Last week I looked at bollocks (in a manner of speaking). This week, as promised, I’m looking at arse. I almost couldn’t be arsed to do this, as I’ve had the plumbers in this week. They came to install a boiler that is big enough to power a small country, and the first thing they did was to chop through the gas pipe to our cooker. The boiler is so environmentally friendly that it blew a fuse after five hours and has since contributed nothing to any kind of warming. Mind you they worked their arses off, and hopefully the electrician will be able to get off his arse next week and come and work his magic on the wiring which is all arse backwards. But as Jim Royle would say, ‘Boilers? My arse!’
Arse in British English is the same as the American term ass. The pronunciation was apparently the same in Victorian times, but the Americans then changed to what they felt was a more polite version (I found that on the internet, and now can’t remember where I read it; I’d look it up again, but I can’t be arsed. Sorry).
According to an online dictionary (you can see there’s been no expense spared on this research) arse (n. slang) means:
- the buttocks
- the anus
- a stupid person; fool
Its roots are very old. According to the dictionary again, they are:
the Old English ærs meaning ‘tail, rump,’ from Proto-Germanic *arsoz (cf. Old Saxon, Old High German, Old Norse ars, Middle Dutch ærs, German Arsch “buttock”), cognate with Greek orros “tail, rump, base of the spine,” Hittite arrash, Armenian or “buttock,” Old Irish err “tail.”
Arse (aaaaaahhrs) is used in all sorts of phrases in British English.
I give you:
- a pain in the arse: a pain in the butt;
- an arse: an annoying person;
- arse about: as in stop arsing about and get on with your work.
- arse backwards: you’re doing it all wrong
- arse licker: a sycophant or obsequious person;
- arse over elbow or arse over tit: to trip up;
- arsed; to take the trouble to do something, as in, ‘I can’t be arsed’;
- arseholed: drunk;
- arsy: to be rude or uncooperative;
- arsy tarsy: pettish and flouncy
- as rough as a badger’s arse: describes a particularly bad personal state, either due to hangover as in ‘I feel as rough as a badger’s arse’, or to describe a not very attractive member of the opposite sex.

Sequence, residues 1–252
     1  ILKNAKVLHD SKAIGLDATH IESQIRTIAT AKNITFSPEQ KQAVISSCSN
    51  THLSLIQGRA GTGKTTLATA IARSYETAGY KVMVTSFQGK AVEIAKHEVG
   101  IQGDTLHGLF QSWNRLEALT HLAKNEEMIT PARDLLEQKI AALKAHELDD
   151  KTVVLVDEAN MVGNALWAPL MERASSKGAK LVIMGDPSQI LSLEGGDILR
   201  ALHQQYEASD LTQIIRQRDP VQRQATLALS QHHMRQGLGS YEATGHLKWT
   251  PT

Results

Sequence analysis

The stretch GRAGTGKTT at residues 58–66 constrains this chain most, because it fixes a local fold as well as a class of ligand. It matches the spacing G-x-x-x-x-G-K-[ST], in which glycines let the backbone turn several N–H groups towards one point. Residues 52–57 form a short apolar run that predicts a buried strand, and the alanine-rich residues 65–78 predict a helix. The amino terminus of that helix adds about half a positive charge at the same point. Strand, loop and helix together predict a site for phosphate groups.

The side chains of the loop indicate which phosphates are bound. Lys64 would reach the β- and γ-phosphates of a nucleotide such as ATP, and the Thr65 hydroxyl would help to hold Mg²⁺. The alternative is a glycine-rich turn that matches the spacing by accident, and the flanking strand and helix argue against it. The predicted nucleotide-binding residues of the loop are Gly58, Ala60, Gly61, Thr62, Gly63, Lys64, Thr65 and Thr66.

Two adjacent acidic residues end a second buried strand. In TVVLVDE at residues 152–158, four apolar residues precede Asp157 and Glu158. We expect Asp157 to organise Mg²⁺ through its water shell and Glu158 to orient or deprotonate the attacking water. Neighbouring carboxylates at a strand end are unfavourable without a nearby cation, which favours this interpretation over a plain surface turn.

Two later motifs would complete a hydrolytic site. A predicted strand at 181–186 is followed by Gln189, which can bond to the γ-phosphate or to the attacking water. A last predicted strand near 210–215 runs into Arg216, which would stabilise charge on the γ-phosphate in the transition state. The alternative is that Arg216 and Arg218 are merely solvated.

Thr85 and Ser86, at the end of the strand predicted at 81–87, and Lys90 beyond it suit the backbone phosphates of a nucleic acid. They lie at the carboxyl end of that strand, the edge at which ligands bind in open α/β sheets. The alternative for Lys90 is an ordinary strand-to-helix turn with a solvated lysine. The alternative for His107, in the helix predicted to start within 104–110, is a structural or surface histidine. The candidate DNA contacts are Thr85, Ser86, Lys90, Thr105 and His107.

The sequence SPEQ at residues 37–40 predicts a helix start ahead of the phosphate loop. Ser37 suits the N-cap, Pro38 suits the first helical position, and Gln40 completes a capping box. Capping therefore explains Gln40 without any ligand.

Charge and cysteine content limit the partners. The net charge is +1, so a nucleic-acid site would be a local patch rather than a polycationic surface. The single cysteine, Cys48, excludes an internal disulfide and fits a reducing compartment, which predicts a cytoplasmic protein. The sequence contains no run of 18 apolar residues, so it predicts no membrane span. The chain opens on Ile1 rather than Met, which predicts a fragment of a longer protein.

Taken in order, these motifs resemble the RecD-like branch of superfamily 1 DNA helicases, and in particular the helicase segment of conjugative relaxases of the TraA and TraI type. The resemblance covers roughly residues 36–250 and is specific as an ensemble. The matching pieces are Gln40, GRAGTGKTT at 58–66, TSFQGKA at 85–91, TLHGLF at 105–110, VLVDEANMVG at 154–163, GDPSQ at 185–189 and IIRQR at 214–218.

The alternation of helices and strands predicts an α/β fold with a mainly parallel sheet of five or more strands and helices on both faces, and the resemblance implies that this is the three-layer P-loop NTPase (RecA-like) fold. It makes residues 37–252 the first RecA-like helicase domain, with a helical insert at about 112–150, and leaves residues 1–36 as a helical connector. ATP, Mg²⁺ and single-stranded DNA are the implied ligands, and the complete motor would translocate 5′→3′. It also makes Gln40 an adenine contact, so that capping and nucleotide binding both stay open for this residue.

- face like a well skelpt arse!: a face like a slapped arse;
- she needs a kick up the arse: she needs some encouragement;
- tight as a duck’s arse: someone who is extrememly careful with their money
- you don’t know your arse from your elbow: you know nothing.
German playwright Goethe even used arse in his play Götz von Berlichingen where the hero says the king can lick his arse.
There’s also the phrase ‘running about like a blue-arsed fly’ meaning to be very busy. This could possibly come from ‘a blue house fly’ as there are parts of England where the pronunciation of house sounds just like arse. Cockney comedian Mickey Flanagan tells of how he went to New York and upset some girl by asking if could come up her ‘arse’ – when all he actually meant was that he wanted to pop round to hers for a cup of tea.
Talking of Cockneys, the cockney rhyming slang for arse is aris (bottle and glass, arse; aristotle, bottle).
According to the online urban dictionary ARSE is also an alternate name for the human enzyme Arylsulfatase E coded by the ARSE gene. One could therefore legitimately say: “Could you please hand me that jar of ARSE.” Or, “I think your ARSE gene is acting up.”
My favourite arse phrase is ‘my arse and parsley’: a Scottish term of derision meaning, ‘Aye, that’ll be right’ as in, ‘You’ve won the X Factor? My arse (or erse) and parsley.’ In England this is just shortened to, ‘My arse’. As in:
‘Ed Miliband is a great Labour leader.’
Which could possibly be followed up by, ‘He’s about as useful as a one-legged man at an arse kicking contest.’
I leave you with Father Jack:
All picture via Creative Commons, courtesy of:
Devils house: https://www.flickr.com/photos/eepaul/3862425051/